After a severe injury to the brain, individuals may present difficulties to maintain awareness of themselves and of the environment, and to respond to environmental stimuli. Recovery of consciousness usually moves from the comatose phase to an unresponsive wakefulness syndrome, where wakefulness is preserved but there are no signs of awareness, to a minimally conscious state, where subjects can present certain level of awareness although not consistent enough to enable communication, or to a locked-in syndrome, where awareness is present but no motor response.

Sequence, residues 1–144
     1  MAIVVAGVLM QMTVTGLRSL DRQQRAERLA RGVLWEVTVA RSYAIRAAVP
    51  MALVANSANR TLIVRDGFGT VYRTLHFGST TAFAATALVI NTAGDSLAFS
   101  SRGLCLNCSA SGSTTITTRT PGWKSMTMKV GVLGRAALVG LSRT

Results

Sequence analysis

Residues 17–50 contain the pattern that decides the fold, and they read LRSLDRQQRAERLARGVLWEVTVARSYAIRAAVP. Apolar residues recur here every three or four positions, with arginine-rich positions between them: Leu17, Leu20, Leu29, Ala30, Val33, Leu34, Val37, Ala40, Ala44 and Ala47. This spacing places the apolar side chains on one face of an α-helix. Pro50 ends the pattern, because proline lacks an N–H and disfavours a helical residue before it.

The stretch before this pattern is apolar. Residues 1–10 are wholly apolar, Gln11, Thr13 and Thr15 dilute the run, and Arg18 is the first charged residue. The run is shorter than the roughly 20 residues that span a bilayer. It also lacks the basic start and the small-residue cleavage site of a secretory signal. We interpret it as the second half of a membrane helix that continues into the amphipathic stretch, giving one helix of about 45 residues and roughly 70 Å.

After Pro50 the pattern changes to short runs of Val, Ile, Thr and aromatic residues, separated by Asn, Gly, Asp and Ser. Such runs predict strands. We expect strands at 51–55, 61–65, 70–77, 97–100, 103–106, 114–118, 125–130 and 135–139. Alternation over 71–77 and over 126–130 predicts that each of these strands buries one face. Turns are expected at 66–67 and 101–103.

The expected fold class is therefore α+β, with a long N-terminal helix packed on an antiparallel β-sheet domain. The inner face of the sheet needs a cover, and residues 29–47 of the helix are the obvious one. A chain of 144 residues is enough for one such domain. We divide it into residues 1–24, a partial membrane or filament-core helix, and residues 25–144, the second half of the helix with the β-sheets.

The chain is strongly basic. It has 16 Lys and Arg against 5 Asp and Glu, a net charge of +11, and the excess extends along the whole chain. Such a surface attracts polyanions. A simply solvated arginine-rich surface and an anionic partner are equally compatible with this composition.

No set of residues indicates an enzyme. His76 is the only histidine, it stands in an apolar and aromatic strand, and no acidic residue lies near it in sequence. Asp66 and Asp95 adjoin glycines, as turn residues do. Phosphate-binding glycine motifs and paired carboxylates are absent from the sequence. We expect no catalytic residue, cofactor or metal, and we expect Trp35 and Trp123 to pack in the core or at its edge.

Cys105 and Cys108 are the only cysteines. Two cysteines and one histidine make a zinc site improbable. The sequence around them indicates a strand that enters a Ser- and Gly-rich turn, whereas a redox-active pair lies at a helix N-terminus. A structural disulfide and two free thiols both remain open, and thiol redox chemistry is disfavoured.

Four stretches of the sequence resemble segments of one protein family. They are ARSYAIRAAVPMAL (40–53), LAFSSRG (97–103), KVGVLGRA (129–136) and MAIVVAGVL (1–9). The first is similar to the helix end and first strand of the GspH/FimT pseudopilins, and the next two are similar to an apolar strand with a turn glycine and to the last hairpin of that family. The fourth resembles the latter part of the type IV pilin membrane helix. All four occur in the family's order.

Disorders of consciousness represent a neurologic challenge from a diagnostic, prognostic, and therapeutic point of view. Misdiagnosis reaches up to 15% to 43% of the cases, prognosis is uncertain, and no treatment has been empirically shown to be effective. During the last two decades, the increased survival and the prolonged life expectancy of these individuals have generated an increase in case incidence and prevalence, and consequently a renewed clinical and scientific concern. However, more efforts are still needed to improve current clinical knowledge about these states.